Distinguished Professor Kim Lewis from Northeastern University, along with his colleagues has remarkably discovered a common mutation in E. coli from urine samples of about 500 people suffering from recurrent urinary tract infections (UTI). The breakthrough could help patients with UTI with a new and more effective therapeutic regime which seems to be more effective.
The ‘Persister’ Theory
According to the American Urological Association, approximately 150 million cases of UTI are reported globally each year, amounting to $6 billion in healthcare services. The majority of these cases are caused by the bacterium E. coli. Standard treatment involves antibiotics; however, the infection usually relapses once the patient stops taking medication.
Lewis, Director of the Antimicrobial Discovery Center has dedicated many years to studying the reason of recurring UTIs. A paper published in 2001 revealed the answer: a subpopulation of E. coli – ‘persisters’ – that had developed antibiotic ‘tolerance’. The latter (unlike ‘resistance’, which requires a specific genetic mutation) occurs when the bacteria lay dormant, waiting for the medication’s effect to wear off. Then they come out and start multiplying.
What Exactly Is A Persister Cell?
Bacteria are single-cell organisms – they multiply exponentially until an army of cells infect the host. However, at times the cell division produces only one active cell and one dormant cell. The active bacterial cell continues to grow and reproduce, whereas the dormant cell – the ‘persister’ – stops growing and becomes dormant in a ‘sporelike state’.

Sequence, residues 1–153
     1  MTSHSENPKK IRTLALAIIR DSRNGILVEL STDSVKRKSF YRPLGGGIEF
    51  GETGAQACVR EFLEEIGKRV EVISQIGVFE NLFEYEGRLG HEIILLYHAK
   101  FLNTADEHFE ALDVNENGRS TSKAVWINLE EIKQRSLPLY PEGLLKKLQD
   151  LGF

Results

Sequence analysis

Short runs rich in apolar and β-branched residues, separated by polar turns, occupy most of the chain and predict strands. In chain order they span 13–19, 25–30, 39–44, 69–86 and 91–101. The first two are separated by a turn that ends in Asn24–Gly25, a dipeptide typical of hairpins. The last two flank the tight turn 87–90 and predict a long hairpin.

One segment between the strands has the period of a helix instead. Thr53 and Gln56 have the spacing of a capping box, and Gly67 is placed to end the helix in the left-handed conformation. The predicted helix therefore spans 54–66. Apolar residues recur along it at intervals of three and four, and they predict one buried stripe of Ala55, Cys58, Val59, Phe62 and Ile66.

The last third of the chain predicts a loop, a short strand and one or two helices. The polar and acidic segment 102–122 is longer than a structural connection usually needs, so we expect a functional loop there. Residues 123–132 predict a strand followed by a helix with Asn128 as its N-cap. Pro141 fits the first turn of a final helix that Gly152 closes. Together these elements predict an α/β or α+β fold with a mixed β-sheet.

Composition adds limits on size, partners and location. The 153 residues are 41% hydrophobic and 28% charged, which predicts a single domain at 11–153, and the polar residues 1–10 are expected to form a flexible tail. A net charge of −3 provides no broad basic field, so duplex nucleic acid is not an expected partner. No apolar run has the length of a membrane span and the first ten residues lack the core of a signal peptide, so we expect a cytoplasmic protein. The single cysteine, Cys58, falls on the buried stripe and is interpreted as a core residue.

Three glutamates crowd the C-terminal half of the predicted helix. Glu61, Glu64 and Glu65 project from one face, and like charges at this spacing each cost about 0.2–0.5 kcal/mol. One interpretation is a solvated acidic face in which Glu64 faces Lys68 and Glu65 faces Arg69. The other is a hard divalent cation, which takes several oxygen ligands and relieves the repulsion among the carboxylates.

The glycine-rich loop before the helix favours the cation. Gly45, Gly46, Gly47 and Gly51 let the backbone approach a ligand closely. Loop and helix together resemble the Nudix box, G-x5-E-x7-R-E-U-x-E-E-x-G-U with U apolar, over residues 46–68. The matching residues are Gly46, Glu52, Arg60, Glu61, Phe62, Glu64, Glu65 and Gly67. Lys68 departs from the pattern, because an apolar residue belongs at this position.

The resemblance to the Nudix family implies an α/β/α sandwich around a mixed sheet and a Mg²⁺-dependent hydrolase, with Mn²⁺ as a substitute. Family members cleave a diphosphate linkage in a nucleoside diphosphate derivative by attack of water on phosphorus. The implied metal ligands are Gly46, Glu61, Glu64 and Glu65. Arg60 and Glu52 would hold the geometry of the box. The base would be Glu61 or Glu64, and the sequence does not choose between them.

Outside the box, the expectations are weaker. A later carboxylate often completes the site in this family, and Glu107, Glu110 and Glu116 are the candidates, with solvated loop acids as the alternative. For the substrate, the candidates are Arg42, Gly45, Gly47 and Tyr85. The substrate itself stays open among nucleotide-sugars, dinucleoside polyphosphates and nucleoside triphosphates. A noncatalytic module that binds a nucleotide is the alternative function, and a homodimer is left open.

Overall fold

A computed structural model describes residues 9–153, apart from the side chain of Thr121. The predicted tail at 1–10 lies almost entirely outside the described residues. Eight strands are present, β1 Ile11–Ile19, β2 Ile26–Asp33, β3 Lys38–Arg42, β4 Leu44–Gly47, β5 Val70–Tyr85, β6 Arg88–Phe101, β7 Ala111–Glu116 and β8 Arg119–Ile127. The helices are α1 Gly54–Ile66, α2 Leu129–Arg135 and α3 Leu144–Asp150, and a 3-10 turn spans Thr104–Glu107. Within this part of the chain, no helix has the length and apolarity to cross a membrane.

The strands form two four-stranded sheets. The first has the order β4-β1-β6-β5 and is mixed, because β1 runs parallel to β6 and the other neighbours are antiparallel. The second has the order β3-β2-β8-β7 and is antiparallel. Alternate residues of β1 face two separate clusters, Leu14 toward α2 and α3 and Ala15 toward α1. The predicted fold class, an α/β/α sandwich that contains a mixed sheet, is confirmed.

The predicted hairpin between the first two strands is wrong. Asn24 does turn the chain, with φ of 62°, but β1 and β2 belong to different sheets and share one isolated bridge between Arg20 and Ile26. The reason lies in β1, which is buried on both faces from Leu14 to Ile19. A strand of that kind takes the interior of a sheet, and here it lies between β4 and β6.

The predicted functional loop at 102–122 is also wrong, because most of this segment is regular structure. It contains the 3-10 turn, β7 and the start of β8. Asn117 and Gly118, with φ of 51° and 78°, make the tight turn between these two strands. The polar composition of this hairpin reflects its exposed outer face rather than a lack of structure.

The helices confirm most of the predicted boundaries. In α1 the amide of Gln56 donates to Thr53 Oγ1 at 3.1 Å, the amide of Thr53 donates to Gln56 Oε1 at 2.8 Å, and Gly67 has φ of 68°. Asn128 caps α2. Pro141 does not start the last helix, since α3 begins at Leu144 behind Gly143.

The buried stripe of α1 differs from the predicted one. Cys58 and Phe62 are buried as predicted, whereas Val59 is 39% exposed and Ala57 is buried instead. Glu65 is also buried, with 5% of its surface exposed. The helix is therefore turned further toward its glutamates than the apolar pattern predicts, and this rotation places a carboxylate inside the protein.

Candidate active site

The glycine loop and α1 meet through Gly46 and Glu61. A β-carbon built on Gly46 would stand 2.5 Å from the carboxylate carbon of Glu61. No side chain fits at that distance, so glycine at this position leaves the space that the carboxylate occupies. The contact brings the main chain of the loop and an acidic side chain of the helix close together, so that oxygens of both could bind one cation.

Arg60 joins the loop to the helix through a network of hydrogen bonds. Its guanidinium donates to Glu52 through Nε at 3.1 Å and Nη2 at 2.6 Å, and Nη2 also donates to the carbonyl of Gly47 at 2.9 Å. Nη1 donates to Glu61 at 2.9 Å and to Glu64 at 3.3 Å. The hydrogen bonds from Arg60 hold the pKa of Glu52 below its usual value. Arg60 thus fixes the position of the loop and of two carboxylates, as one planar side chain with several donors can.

Since antibiotics attack only actively reproducing and functioning cells, these dormant bacterial cells escape the ambush. Once the attack subsides, they become active and start to re-spread the infection, saving their population.
The Study: Finding A Common Aspect
Lewis and his team took a large sample of E. coli isolates from patients with recurring UTIs. Pooja Balani, then a doctoral student in Lewis’ lab among the first authors of the paper performed genetic screening of both test-tube cultures of E. coli and the samples from patients to find a mutation. After countless hours of investigation, it was discovered that many of the isolates had a similar mutation in the ‘hipA’ gene, which had previously been seen in test-tube experiments.
The hipA gene codes for a protein that acts as a toxin. The latter is generally held in check by another protein – antitoxin – that is coded for by the gene ‘hipB’. Lewis explained that such toxin-antitoxin pairs are spread around the entire chromosome of all bacteria. However, a mutation in either gene can disrupt the balance – overproduction of toxin could shut down the cell and transform it into a ‘persister’. “The hipA mutation gives rise to about 1,000 times more persisters than a gene without it”.
Important Implications: Why Urinary Tract Infection Recurs
An understanding of this genetic mechanism could help clinicians offer customized treatment strategies to patients with relapsing UTIs. “We can track whether the patient has E. coli with a hipA mutation, and if so, introduce a pulse-dosing regimen,” stated Lewis in the study published in the journal Nature.
According to Lewis, pulse-doing is a straightforward method: the patient is given an antibiotic that kills all actively reproducing cells. Before the persister cells start to become active and multiply, the antibiotic is administered again. When this procedure was repeated a couple of times in test-tubes, Lewis and team successfully eradicated the entire bacterial population. He believes the same is possible in humans.